Recommended Microphones

 

When filming a deposition, audio must be clear and understandable.  Having a microphone can bring up the quality of the audio in your deposition videos.  Some states require a microphone for audio recording by law.

When searching for a microphone for deposition videos, there are a few different directions you could take to get the results you are looking for.  There are some things to keep in mind when buying a microphone for your deposition videos.

  • Type – there are three different kinds of mics useful for depositions – wired lapel, wireless lapel, and tabletop omnidirectional.
  • Mic Pattern – how does your mic capture sound?
  • Input – the mic must have an XLR out or line-out to plug into your recorder

 

Here are a few recommendations for microphones that will work for deposition videos.

 

Wireless Lapel Mics

 

Wireless mics are very easy to use and most reliable for not having a cord to step on and pull out of the recorder.  Something to keep in mind is that you need a receiver for the microphone.  The mic and receiver have to be paired every time you set up for a deposition.

 

Overall, wireless lapel mics can be the best option for depositions for the ability to walk around freely without losing proximity to the microphone.  There are two options we recommend if you go this route with your audio setup.

 

Option 1 – ZhouSheng Professional Wireless Lavalier Microphone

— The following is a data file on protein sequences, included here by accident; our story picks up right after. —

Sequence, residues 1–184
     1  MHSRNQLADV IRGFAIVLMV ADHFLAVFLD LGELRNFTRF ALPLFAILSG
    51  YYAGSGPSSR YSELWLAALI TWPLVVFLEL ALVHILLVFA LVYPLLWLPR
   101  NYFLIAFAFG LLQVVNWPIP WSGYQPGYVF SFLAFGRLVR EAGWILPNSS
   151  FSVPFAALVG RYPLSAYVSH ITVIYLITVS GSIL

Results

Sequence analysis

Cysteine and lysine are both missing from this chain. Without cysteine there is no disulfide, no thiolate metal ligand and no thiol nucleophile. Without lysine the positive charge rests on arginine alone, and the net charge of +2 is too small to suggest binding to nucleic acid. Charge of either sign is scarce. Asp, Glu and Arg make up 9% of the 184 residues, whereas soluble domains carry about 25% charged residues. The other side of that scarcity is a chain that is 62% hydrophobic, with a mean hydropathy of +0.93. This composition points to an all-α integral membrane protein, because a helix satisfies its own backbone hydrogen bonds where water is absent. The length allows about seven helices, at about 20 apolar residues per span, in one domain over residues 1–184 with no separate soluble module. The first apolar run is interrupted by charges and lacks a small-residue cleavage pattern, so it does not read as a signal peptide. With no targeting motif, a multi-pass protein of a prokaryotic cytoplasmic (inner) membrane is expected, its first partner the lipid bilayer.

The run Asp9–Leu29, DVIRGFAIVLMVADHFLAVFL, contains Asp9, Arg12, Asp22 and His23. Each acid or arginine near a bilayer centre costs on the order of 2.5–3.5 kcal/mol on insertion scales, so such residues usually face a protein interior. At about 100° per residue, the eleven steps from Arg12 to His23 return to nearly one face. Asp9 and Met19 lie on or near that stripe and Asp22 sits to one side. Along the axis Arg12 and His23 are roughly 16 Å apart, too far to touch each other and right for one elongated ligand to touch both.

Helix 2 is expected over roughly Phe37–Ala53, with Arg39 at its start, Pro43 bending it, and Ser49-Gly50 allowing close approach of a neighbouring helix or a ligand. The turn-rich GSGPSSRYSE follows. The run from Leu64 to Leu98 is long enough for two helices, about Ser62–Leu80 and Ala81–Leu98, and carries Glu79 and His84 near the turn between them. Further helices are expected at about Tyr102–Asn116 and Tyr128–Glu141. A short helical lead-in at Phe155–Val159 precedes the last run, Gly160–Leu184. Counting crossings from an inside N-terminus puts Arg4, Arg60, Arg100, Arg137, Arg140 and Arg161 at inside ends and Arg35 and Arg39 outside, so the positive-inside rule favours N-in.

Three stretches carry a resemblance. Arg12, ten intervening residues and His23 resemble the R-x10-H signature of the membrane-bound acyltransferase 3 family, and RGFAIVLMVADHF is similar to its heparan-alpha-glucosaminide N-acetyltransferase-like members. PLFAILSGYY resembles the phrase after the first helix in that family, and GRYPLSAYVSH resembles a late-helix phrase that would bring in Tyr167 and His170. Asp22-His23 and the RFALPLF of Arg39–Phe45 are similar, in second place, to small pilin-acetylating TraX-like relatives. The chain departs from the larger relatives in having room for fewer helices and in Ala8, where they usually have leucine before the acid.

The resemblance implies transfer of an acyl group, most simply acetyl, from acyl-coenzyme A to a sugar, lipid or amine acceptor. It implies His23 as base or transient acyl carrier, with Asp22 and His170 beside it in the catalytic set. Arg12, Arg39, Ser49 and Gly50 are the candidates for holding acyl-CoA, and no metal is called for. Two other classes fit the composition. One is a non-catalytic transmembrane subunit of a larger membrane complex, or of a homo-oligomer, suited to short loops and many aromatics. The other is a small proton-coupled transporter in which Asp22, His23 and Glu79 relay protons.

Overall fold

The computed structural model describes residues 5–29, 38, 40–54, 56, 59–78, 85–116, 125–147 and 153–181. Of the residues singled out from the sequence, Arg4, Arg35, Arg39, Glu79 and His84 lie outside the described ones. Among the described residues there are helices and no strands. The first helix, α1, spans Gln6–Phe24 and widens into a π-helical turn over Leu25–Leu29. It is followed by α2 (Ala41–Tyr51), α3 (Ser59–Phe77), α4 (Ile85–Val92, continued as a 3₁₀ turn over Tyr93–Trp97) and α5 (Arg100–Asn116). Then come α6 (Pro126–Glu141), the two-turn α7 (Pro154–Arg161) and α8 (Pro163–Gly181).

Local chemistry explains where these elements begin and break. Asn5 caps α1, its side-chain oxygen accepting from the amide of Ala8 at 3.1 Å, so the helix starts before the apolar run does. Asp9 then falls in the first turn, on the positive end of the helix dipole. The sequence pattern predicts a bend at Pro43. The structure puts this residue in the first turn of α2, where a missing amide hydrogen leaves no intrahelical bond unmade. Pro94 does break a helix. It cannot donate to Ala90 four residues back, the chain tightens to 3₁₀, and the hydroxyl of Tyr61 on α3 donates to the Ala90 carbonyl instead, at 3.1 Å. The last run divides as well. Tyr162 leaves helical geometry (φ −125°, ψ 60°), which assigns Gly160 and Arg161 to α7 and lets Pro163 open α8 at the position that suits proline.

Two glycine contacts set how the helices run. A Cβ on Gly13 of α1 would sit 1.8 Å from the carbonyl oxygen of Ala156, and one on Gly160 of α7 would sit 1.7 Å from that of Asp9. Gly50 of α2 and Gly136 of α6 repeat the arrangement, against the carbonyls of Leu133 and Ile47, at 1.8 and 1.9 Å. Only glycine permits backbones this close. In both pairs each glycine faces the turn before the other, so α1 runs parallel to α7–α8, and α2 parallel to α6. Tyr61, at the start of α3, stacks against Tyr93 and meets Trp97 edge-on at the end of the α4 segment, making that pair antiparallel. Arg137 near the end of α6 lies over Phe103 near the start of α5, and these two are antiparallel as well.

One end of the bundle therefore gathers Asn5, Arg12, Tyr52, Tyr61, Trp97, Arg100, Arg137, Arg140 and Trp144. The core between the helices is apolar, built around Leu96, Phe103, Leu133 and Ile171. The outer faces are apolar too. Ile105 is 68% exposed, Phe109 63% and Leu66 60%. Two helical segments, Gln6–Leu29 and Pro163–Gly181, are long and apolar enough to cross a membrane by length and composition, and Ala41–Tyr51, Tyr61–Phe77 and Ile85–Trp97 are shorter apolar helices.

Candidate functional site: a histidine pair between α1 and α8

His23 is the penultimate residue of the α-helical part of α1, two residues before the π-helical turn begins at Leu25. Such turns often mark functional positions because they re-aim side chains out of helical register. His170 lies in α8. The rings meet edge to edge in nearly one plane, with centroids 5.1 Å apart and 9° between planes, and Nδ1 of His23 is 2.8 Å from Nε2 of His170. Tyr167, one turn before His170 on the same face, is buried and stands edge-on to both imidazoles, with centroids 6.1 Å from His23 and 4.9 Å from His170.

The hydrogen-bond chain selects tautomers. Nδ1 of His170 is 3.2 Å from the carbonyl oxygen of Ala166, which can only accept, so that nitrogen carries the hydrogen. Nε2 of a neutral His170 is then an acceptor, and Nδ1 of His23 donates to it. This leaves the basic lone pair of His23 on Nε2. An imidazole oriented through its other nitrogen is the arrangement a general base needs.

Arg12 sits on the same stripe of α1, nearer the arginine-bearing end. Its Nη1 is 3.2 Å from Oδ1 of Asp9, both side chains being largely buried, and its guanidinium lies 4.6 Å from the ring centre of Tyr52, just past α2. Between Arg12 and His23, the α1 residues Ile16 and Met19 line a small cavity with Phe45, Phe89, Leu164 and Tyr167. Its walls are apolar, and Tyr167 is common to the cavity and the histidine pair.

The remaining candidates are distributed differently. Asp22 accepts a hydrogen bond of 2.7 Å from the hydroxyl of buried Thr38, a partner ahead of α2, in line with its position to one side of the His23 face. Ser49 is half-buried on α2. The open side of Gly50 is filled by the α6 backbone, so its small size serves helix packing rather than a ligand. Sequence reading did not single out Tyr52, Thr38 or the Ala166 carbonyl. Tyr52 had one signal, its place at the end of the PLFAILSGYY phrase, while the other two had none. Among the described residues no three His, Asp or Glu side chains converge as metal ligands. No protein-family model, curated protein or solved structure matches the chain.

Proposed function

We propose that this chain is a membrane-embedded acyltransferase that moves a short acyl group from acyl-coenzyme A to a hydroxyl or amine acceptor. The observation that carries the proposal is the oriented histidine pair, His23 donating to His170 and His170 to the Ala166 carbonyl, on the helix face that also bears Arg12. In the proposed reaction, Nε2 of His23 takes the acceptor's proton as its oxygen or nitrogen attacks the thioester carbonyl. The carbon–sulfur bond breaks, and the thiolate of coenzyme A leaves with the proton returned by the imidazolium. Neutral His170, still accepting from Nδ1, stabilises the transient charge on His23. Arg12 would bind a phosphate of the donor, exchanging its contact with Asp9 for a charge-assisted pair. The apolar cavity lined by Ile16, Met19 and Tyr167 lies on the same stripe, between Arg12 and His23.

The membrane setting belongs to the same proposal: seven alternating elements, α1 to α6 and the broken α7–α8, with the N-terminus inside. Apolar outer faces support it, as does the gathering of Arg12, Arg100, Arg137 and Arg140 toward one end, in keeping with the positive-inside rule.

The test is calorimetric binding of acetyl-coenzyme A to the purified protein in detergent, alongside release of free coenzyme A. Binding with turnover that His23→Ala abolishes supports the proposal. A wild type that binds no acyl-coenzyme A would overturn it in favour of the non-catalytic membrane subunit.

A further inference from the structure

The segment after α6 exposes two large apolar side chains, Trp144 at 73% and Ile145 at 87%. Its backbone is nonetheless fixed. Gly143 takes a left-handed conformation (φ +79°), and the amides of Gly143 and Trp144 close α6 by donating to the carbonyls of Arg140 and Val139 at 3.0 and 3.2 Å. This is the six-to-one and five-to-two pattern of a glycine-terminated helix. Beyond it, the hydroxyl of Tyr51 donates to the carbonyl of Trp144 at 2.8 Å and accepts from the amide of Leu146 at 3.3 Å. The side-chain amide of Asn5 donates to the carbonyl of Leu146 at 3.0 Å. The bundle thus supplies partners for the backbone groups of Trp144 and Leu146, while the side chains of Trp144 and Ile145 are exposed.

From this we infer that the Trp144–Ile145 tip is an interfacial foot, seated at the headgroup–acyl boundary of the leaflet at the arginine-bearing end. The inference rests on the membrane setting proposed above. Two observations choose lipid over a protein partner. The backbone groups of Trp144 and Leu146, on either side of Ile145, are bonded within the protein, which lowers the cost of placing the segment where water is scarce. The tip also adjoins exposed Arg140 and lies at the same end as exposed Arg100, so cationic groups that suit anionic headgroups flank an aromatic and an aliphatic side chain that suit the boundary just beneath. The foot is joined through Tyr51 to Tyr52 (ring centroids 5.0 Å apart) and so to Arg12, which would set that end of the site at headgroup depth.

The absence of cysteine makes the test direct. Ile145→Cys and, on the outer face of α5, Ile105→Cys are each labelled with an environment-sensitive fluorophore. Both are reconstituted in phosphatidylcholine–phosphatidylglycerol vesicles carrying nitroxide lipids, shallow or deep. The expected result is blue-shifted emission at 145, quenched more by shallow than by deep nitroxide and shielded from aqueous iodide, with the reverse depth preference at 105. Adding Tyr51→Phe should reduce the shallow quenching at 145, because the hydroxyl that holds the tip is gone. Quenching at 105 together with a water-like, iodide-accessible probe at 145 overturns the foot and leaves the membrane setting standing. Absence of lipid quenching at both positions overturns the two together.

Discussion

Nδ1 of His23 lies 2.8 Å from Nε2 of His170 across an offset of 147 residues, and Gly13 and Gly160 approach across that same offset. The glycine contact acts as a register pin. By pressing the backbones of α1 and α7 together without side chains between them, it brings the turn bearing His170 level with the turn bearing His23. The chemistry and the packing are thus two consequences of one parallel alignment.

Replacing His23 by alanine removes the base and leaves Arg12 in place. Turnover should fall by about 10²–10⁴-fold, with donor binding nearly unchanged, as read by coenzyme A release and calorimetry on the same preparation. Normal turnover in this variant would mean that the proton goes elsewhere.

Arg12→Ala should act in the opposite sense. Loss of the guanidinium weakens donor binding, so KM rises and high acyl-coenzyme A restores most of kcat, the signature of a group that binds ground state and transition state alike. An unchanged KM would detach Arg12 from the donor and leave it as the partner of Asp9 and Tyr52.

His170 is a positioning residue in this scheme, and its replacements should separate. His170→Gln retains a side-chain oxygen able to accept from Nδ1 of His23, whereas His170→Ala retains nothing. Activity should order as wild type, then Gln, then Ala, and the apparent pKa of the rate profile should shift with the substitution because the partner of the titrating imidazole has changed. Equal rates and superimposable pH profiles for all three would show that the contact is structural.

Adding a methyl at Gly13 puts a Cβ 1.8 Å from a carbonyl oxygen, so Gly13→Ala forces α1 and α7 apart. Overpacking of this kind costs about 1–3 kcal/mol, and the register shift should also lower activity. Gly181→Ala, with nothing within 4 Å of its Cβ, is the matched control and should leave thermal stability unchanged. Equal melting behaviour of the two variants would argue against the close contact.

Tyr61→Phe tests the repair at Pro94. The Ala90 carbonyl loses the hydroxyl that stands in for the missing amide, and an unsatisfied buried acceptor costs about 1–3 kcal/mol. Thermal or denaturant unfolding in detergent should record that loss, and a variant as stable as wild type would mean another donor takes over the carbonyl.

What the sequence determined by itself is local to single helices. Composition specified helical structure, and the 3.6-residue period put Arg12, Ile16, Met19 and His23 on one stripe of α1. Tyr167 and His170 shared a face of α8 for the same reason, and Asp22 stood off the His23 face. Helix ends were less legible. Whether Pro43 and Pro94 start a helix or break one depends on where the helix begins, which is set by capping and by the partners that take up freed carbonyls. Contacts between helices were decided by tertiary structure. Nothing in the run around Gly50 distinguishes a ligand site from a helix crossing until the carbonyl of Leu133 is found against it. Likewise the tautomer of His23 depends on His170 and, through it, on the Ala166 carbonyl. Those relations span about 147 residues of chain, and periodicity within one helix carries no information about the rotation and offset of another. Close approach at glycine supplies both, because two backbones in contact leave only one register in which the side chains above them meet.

The ZhouSheng Lavalier Microphone (link to price on Amazon) is a lapel mic with a wireless transmitter about the size of a wallet.  Included is a receiver of the same size with a line-level output to send audio to a recording device as well as a headphone jack for monitoring the microphone’s level throughout the deposition.  Both the transmitter and receiver run on batteries.

 

By pinning the mic to your subject’s shirt and putting the transmitter in their pocket, this mic has the least amount of cord to get in the way when moving around in the deposition.  There is a bit of setup involved with syncing the transmitter and receiver, but after the two are paired, the connection is very reliable.

 

Option 2 – Shure BLX14/CVL Lavalier Wireless System

 

The Shure BLX14 Wireless System (link to price on Amazon) is a wireless receiver that can be paired with multiple types of wireless microphones.  In this case, it is paired with a wireless transmitter with a lapel mic plugged into it.

 

The difference between this option and the one above is the transmitter.  The receiver has an XLR output to send to your audio recorder and a power supply that must be plugged into the wall to give it power.  The transmitter runs on batteries and has a wired connection to the lapel mic.

 

Overall, the Shure lapel mic is a great option for audio recording.  The wireless connection is strong and reliable and the audio quality is very good.  It is definitely worth the higher price.

 

Wired Lapel Mics

 

Wired lapel mics are just that, lapel mics attached to the audio recorder directly by a wire.  This cuts out the need for a transmitter and receiver; only an XLR is needed to set up the microphone.  They are attached to the shirt just like the wireless counterpart.

 

This option is good on a lower budget because a single mic cable is much cheaper than a wireless system.  The one downside is the cable itself being in the way on set.

 

Here are a few options of wired lapel mics that we recommend for depositions.

 

Option 1 – Movo LV8-C Lavalier Condenser Microphone